Nevada is playing at home, but the host team has won just once in the last five years (Tulsa in 2003). Utah State and Louisiana Tech kept pace with the Wolf Pack throughout the season and are poised to make a run at the title as well.
"I've always believed that tournament week is all about who gets hot," Utah State coach Stew Morrill said. "You get on a roll, play good basketball and it kind of carries one game to the next."
A team-by-team breakdown, in order of seeding
1. NEVADA (24-5, 13-3)
Coach: Mark Fox
The Wolf Pack staggered to a 3-3 start in WAC play before reeling off 11 straight victories to win the regular-season title and return to the national rankings. Nevada figures to be in the NCAA Tournament regardless of what happens this week, but it doesn't want a repeat of last year's quarterfinal exit. WAC Player of the Year Nick Fazekas (21.9 points per game) remains the centerpiece of the Wolf Pack lineup, but has firepower around him as well. Guard Marcellus Kemp gives Nevada a shooting threat to go along with Fazekas' inside-outside game.
2. UTAH STATE (21-7, 11-5)
Coach: Stew Morrill
As expected, the Aggies emerged as contenders in their first season removed from the Big West. USU ranks among the nation's top shooting teams at 50 percent from the field. Forward Nate Harris led the league in shooting (62 percent) and guard Jaycee Carroll was the WAC's top 3-point shooter. Point guard David Pak (4.86 assists per game) doesn't get as much ink as his teammates but plays a vital role in getting the USU offense rolling.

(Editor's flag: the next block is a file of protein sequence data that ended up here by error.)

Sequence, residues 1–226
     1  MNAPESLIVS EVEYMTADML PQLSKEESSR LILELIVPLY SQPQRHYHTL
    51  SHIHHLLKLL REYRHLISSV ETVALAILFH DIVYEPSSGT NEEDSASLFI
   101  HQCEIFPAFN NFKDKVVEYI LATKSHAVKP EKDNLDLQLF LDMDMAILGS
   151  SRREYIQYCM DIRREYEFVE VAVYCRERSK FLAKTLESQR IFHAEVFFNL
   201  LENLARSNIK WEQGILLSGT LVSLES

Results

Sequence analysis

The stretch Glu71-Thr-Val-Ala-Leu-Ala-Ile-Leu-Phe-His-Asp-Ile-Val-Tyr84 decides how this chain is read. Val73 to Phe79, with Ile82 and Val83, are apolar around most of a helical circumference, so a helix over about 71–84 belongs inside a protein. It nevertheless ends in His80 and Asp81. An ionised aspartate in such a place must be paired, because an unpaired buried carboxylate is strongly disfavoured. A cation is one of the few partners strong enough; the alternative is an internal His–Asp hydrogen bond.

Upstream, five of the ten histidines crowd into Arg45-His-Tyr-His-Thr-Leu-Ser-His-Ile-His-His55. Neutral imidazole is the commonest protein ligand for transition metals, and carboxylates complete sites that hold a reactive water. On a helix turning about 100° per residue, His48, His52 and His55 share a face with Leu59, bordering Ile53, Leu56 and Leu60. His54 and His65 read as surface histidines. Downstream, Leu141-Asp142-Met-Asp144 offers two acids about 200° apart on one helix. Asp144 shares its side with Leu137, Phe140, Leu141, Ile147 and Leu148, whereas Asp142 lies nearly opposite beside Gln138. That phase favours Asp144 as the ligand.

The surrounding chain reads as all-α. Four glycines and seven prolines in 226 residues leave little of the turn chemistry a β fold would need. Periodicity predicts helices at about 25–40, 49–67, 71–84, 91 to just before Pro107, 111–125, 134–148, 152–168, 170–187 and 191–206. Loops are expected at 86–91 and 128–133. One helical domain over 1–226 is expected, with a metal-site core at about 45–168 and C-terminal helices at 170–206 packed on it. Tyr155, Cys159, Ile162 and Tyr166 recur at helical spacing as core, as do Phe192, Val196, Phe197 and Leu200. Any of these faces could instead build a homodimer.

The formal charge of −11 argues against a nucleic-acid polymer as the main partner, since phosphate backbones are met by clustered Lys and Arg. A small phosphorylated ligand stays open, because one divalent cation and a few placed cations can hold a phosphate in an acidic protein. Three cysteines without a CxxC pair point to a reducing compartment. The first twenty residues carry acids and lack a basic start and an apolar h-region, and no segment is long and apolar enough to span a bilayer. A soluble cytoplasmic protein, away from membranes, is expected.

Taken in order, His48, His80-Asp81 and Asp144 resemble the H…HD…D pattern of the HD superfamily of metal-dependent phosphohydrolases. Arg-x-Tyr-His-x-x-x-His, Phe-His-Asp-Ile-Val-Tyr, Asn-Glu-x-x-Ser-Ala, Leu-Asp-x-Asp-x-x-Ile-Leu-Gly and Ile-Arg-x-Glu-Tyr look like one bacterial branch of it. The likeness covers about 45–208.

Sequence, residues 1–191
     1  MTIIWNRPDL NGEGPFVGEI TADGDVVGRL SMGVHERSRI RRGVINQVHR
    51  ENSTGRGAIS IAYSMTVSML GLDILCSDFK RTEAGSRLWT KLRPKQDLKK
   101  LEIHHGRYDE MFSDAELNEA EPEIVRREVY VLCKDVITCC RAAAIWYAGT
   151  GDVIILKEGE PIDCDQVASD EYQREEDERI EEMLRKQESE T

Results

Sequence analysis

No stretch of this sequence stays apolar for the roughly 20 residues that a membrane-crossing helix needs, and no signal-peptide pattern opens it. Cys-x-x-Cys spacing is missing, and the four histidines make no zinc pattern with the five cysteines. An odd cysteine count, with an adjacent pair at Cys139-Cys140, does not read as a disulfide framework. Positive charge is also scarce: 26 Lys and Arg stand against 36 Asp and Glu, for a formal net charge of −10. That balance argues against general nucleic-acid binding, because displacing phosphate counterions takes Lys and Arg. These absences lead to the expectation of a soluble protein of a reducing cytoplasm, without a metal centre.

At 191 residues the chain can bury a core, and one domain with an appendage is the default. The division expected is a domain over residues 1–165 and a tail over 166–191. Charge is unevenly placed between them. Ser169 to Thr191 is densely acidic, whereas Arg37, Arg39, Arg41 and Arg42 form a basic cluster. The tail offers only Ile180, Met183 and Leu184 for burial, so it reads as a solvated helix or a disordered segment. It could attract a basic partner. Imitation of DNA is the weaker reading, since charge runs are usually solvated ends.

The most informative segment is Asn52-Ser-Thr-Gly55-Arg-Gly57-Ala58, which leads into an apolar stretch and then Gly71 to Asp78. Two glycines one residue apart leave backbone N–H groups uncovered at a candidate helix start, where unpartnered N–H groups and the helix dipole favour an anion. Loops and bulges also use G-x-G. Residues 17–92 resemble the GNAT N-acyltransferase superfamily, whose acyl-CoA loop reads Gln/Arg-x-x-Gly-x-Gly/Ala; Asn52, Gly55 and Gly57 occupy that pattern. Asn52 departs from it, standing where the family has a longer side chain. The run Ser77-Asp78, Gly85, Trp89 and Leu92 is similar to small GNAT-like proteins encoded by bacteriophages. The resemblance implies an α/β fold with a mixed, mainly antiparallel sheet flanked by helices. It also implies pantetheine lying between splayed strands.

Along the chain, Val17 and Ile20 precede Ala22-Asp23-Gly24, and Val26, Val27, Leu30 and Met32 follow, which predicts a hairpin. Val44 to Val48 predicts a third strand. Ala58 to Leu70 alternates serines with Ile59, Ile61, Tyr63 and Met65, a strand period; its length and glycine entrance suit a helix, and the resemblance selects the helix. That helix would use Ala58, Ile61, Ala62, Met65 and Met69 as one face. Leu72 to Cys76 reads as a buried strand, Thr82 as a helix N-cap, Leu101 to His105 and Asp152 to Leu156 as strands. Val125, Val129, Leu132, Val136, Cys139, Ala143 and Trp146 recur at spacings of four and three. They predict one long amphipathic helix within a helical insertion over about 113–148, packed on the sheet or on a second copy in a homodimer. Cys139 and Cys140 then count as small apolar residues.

3. LOUISIANA TECH (19-11, 11-5)
Coach: Keith Richard
Forward Paul Millsap is an exceptional rebounder and his presence in the middle makes the Bulldogs one of the toughest defensive teams in the WAC. LaTech led the WAC in scoring defense (62.7 ppg) and held opponents to 40 percent shooting. The Bulldogs haven't shot the ball well from outside, but Millsap routinely recycles missed shots into putbacks to fuel his 19.7 point average.
4. HAWAII (17-10, 10-6)
Coach: Riley Wallace
The outlook for the already short-handed Rainbow Warriors changed drastically when forward Ahmet Gueye tore his ACL last week. Julian Sensley (17.7 ppg) picked up his production on his way to All-WAC honors, and with Gueye's 12.2 points out of the rotation, even more of the scoring burden will fall to Sensley and guards Matt Lojeski and Deonte Tatum. UH still has an experienced center in Chris Botez, but the lack of depth works against the 'Bows in their effort to make a run deep into the tournament.
5. NEW MEXICO STATE (15-13, 10-6)
Coach: Reggie Theus
The Aggies ended their regular season last Thursday, giving them some extra time to recharge and allow Elijah Ingram's tight hamstring to heal. Ingram's ability to slash to the basket helps open up athletic forward Tyrone Nelson (18.3 ppg, 8.8 rpg). NMSU ran off six straight wins before falling to UH last week and wants to turn the game into a track meet with their guard-oriented attack.
6. BOISE STATE (14-14, 6-10)
Coach: Greg Graham
The Broncos were a prime example of the "anything can happen" aspect of tournament play. The Broncos reached last year's title game after starting the week in the play-in game, upsetting host Nevada in the quarterfinals. BSU, ranked second in the WAC with 228 3-pointers, can again be a scary matchup if they get hot from the perimeter. Guard Coby Karl (17.3 ppg) is among the conference's premier shooters.
7. SAN JOSE STATE (6-24, 2-14)
Coach: George Nessman
The Spartans might have moved up in the standings if some of the close games had tilted their way. They lost to UH on a last-second 3-pointer last month and nearly upset Utah State on the road last Saturday. Alex Elam averaged a team-high 13.1 points for a Spartans team that finished last in the WAC in shooting at 41 percent.
8. IDAHO (4-24, 1-15)
Coach: Leonard Perry
The Vandals enter their first WAC tournament on an eight-game losing streak, the latest a double-overtime loss at Boise State last Saturday. The Vandals face extremely long odds against Nevada tomorrow, but lost by only six to the Wolf Pack at home on Feb. 20. Guard Tanoris Shepard (15.4 ppg) is the team's top threat.